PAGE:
Media doesn’t sprout from nowhere, somebody has to own it.
But there’s so much that encompasses ‘media’, heaps of people would have to own it, right?
You would be surprised at how few people own such large portions of ‘media’
One Does Not Simply “Own” Media
When I say people who own media, I mean, individuals that are heads of companies that own or are major shareholders in a media platform. Some significant examples:
Rupert Murdoch: The head of NewsCorp, one of the largest media conglomerates in the world that owns or co-owns FOX and all of it’s sub-parts, SKY, Big Ten Network, Myspace, Photobucket, thesimpsons.com, hulu.com, americanidol.com, a plethora of magazines, a large portion of major and minor newspapers around the world, especially Australia, Harper Collins and so much more (http://www.newscorp.com/investor/index.html)
Kerry Stokes: Major share holder of Seven group, Yahoo!7, Pacific Publications and a major slice of the West Australian Newspaper scene.
A media mogul is someone who influences the media they are a part of. The ideal is that owning more and more of today’s media will not only bring in wealth but, with a big enough conglomerate and a wide enough diversity, one could influence politics, social status and essentially the world.
If Not For The Media, Who Will Tell Us What To Think?
Let’s consider what affects large scale media ownership has on us.
We are told what is what in the media, issues like global warming, political stories, pop culture and most importantly, the effects of media ownership, are told to us through forms of media. So if media has this affect on us, and you had control over it, wouldn’t you want to tell people what is what? In this scenario, we’d b influenced by a view of the world through your eyes.
“With great power, comes great responsibility” (Spider-Man 2002), we’d like to think that the news presented to us is fair and objective but in reality it’s not. Rupert Murdoch, for example, is widely known to be a conservative, republican, libertarian with an interest in politics. These strong views of his are seen through his news networks and he’s not afraid to show it, even accepting the subject being satirically mocked on his own networks.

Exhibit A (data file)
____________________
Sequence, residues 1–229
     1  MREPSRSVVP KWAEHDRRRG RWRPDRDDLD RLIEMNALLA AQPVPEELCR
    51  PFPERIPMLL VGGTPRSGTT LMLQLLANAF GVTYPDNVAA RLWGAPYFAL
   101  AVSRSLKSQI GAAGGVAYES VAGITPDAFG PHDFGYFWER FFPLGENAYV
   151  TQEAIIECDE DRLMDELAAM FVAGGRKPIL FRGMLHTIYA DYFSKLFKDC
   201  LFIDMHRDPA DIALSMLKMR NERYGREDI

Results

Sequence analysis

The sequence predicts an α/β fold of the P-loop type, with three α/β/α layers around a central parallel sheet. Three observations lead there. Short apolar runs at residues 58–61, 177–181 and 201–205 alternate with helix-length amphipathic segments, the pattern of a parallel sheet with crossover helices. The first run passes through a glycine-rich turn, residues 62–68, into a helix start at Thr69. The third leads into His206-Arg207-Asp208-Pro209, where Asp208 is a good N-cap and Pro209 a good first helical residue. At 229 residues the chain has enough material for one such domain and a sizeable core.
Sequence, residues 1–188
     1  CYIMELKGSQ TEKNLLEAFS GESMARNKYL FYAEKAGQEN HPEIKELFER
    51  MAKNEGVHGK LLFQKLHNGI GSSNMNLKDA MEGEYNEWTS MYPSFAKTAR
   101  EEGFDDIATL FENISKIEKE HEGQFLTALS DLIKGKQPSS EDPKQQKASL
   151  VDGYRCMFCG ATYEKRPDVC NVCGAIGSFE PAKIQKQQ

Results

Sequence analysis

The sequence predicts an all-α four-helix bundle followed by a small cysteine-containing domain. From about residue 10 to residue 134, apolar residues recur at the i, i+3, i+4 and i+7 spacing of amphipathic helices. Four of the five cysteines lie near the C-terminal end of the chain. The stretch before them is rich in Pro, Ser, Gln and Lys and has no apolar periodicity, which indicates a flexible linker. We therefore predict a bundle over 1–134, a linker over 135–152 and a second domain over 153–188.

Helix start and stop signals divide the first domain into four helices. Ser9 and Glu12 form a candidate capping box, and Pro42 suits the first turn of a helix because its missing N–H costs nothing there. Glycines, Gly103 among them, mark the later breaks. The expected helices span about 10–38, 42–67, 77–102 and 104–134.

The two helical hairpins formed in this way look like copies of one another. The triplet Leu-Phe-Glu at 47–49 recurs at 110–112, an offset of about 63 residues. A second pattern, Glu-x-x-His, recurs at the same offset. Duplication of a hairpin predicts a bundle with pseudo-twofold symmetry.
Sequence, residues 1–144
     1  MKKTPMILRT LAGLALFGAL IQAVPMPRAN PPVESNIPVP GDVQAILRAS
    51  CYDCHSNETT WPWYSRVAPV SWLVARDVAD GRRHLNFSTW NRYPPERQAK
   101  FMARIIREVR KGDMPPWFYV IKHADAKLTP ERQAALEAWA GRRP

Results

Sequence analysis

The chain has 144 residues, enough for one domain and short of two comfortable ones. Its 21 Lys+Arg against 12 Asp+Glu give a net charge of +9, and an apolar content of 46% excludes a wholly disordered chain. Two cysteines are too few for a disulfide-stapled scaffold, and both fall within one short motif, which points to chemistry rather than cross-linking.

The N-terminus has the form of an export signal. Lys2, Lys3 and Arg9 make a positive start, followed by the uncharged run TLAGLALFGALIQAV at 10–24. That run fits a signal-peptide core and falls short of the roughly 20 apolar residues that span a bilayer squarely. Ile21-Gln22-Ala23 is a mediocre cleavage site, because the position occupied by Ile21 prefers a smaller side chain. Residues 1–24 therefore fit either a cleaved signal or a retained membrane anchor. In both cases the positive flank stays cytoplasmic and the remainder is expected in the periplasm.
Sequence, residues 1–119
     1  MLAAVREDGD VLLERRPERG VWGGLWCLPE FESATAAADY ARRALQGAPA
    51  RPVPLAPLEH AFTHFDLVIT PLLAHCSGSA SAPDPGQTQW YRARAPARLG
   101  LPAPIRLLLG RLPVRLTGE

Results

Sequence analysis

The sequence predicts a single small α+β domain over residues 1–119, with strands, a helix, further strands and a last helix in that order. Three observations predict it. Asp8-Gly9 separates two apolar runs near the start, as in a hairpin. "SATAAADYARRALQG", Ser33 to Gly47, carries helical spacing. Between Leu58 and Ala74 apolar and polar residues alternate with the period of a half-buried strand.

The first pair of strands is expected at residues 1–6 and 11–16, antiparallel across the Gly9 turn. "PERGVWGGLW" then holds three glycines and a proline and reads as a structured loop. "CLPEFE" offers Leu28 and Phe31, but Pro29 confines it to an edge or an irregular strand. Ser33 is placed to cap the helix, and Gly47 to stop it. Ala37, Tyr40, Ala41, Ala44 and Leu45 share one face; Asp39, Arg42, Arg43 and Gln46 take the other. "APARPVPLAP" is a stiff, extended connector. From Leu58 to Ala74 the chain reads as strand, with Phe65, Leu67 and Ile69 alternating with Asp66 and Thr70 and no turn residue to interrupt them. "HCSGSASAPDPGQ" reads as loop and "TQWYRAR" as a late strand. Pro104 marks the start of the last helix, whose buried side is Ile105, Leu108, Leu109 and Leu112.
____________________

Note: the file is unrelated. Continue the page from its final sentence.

“The Simpsons uses Fox News as a Punching Bag” (Click here to view in Youtube)
Not only can media be used for political influence but also industrial gain (And in some cases these two combine).
Gina Rinehart is a mining billionaire who has gotten a fair bit of media attention lately because of family drama but more importantly her attemps to get onto the Fairfax board (http://www.smh.com.au/business/agm-season/gina-rinehart-delivers-fairfax-its-first-strike-20121024-285a1.html 12/04/2013). It is widely accepted that her attempts at the Fairfax board is to have editorial rights over the newspapers Fairfax owns. This influence in media would give her the ability to put mining in good light, hence influencing the populace’s views when time comes to voting for mining taxes.
Ownership Vs Shareholding… And A Third Scenario
The main difference between media ownership and media shareholding is who has a say in what goes into the media. Rupert Murdoch owns Newscorp, so he has incredible power over what gets media attention and what kind of media attention it gets, this leads to one sided views and unfairness. Mark Zuckerberg is the major shareholder in Facebook but that doesn’t mean he has total control over the site. Effectively the remaining shareholders can vote against his ideas if no one agrees, providing a (usually) fair and multi-opinionated system.
Their is some cases where media isn’t directly ‘owned entirely’ by anyone in particular and that is user generated content. Sites such as Youtube allow users who upload videos to maintain ownership rights to their video on the condition that they allow Youtube access to the video to distribute it how they like.
And The Winner Is…
User generated content has become the larger part of media in the last couple of years. Once we got all our news from newspapers and magazines owned by media moguls, now phenomenon such as media convergence and citizen journalism has given rise to the prosumer and user owned user generated content. This means a large scope of views, easy access to and broadcast of these views and giving the power to influence the state back to the people. We are “the people formerly known as the Audience”, now we are the producers and owners of our own content.